As part of our campaign for World Down Syndrome Day 2021 we have released an e-book, full of stories from real families. The book includes many different family members and people with Down syndrome sharing how they feel about their family. This week we wanted to share with you a piece written by Hannah, sister to Grace. If you would like to download our free e-book you can find it here.
I was sixteen when I found out that I was finally getting the sibling that my mum and I had dreamed of for years. We soon found out that it was going to be a baby girl but that she had some health issues – that really frightened me. At 34 weeks pregnant, we found out baby girl was going to have Down syndrome. Call it teenage naivety or maybe a feeling of what was to come, but I was genuinely not at all worried or concerned by her diagnosis. While the adults in my life came to terms with the news, I felt peace about our girl’s extra chromosome and I just couldn’t wait to meet her.
At 36 weeks pregnant, I got the text from my mum that her waters had broken – my sister was on her way! We had decided early on that I was going to be one of my mum’s birth partners and I felt so lucky that I would get to see my sister come into the world. I will never forget the moment Grace Isabella was born. The labour room was full of people, anticipating her health conditions, but for a few moments it felt like it was just me, my mum, my stepdad and this beautiful little bundle…my sister.
Seeing Grace grow up has truly been one of my greatest joys. She is such a funny, sassy girl and everyone who meets her comes away slightly changed. She has made me slow down and find more patience. She has helped me to celebrate ‘little’ milestones just as much as the bigger ones. Her extra chromosome doesn’t change our sister bond: I’ve cried with her as she’s stroked my hair and told me it’ll be OK, we laugh and dance together, she rolls her eyes and asks when I’m going home when I’ve annoyed her and we both moan to each other when our mum is in a mood. She is the little sister I always dreamed of and so, so much more.
All the milestones in my life have been made even more special by experiencing them with Grace. One of my first thoughts when I found out that I was going to become a mum myself was how excited Grace would be. I could not wait to experience raising children alongside her. Grace was 7 when she became ‘aunty Grace’ to Halley and she was a fully-fledged aunty when her nephew Spencer was born two years later. I had so many dreams about Grace with my children when I was pregnant – I couldn’t wait to see them playing in my mum’s garden, getting into trouble together, having dance parties (which is mine and Grace’s favourite thing to do). My dreams did not even come close to the happiness I feel when I see my baby sister in her ‘aunty Grace’ role. She is, hands-down, my children’s favourite person in the world. Halley loves anything that her aunty Grace loves because she idolises her so much. And the trouble they get into together… well that is on another level! We’ve had faces completely coloured in with felt-tip, shampoo lathered into my mums bed, barricades made to keep baby Spencer out and the thing is, I know that this is just the beginnings of their escapades together. Before long it’ll be stealing my makeup and sneaking out to go to the pub together and truthfully, I can’t wait to see what they get up to.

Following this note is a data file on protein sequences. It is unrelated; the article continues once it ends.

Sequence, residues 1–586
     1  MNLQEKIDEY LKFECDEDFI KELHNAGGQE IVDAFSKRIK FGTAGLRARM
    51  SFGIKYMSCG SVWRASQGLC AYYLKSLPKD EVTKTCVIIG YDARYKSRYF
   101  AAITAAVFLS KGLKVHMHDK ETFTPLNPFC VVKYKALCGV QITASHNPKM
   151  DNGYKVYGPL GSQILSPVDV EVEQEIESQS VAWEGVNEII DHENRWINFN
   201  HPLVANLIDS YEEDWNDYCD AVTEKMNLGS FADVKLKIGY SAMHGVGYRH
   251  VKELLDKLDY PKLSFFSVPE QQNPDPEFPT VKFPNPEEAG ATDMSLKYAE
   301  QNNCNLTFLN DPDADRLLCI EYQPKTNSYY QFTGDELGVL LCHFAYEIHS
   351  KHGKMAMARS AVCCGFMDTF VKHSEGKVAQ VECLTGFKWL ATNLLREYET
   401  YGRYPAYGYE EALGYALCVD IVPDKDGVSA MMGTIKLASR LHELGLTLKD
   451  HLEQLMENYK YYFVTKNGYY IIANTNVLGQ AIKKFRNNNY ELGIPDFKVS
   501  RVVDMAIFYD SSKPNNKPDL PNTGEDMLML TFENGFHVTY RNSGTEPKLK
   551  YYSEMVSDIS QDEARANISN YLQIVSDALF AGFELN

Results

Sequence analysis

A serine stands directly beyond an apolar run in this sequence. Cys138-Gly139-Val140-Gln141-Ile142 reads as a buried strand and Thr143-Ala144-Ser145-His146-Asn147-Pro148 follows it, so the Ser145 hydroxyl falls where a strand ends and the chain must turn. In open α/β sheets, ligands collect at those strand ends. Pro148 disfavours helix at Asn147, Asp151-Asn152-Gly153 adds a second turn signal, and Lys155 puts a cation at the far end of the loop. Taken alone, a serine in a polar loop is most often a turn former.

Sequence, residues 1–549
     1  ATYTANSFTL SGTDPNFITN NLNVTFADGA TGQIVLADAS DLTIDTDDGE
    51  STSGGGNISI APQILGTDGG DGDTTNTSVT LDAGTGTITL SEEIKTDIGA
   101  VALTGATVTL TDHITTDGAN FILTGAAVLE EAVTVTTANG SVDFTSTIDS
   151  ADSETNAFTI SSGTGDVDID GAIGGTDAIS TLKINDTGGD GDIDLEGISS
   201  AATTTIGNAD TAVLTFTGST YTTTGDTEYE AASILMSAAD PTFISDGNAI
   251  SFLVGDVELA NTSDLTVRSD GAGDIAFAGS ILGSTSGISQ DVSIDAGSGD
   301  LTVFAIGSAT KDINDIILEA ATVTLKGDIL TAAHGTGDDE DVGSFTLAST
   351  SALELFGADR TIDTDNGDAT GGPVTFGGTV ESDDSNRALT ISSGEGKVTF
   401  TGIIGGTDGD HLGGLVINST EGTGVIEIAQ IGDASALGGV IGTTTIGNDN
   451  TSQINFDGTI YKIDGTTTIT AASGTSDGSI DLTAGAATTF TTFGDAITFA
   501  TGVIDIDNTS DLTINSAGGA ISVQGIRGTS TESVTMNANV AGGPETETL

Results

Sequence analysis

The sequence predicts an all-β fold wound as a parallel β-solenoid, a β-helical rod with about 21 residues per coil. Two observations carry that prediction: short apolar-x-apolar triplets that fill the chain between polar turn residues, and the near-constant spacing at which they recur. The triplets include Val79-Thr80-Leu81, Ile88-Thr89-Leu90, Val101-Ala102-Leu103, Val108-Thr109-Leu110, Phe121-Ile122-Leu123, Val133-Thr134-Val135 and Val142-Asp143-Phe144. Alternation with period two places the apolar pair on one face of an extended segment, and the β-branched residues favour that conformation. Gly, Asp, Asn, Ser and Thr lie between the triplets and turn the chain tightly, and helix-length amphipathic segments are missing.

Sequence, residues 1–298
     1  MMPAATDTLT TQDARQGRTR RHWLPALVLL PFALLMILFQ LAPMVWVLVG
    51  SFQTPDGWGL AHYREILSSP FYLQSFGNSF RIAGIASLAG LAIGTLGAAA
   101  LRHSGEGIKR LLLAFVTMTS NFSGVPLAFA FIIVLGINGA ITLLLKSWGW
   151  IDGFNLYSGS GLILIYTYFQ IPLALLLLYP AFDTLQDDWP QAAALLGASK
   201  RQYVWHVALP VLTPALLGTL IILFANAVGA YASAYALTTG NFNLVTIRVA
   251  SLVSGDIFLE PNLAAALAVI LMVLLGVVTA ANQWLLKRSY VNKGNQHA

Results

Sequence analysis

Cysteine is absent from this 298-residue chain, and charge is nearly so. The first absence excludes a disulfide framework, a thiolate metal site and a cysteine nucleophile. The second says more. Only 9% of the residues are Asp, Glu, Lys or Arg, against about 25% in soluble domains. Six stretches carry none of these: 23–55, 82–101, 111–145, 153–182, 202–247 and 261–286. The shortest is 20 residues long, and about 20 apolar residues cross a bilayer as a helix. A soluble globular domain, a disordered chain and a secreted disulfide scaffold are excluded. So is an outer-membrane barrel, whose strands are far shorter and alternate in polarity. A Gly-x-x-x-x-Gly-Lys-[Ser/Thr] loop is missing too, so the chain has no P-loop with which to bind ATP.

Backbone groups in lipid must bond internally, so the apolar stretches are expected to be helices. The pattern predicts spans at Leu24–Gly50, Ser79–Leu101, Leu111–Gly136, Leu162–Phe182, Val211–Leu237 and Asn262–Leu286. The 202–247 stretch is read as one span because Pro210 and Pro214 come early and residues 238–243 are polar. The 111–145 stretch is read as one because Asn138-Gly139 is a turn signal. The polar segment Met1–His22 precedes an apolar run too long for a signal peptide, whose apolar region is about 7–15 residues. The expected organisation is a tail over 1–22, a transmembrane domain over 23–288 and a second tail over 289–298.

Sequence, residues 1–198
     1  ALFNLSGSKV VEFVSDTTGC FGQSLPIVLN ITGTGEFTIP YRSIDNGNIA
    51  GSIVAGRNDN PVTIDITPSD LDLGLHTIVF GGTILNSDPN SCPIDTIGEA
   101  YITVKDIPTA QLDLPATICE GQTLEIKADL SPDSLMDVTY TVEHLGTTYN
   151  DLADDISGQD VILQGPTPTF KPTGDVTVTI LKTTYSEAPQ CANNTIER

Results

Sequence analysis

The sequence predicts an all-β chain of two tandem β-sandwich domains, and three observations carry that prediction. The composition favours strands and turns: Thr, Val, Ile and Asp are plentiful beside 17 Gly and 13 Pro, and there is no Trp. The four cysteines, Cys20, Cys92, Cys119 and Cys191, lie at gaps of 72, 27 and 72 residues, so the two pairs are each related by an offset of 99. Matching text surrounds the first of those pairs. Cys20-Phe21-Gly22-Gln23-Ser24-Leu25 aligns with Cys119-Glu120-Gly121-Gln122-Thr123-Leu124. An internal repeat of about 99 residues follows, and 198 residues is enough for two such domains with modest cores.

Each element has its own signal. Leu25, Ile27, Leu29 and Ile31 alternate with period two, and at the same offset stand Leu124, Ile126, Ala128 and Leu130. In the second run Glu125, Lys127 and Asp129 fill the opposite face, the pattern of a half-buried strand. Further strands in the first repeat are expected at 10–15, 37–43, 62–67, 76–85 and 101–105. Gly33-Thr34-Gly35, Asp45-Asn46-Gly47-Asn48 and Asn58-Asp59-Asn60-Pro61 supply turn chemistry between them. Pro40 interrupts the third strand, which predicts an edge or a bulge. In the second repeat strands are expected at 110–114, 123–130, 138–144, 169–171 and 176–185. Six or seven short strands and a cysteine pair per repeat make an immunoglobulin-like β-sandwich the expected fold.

I feel so lucky, every day, that Grace came along. She healed holes in our family that we didn’t even know were there. My mum and I became closer than I thought was possible when Grace was born – my mum and her mum became closer – she became the glue that held us all.
I’ve heard of parents / expectant parents worrying about the burden that a sibling with a disability brings. I have never, and will never, see my sister as a burden. I love her more than anything, she brings so much joy to my life and I will protect and advocate for her for my whole life. Love is not a burden.
I wish I could go back to my sixteen-year-old self and tell her, you were right, that extra chromosome doesn’t change a thing. Grace goes to mainstream school and loves it, she’s got a big group of friends, she goes to dance class and does modelling all over the UK. And most importantly, she is the most amazing, loving sister and my life is all the richer for having her in it.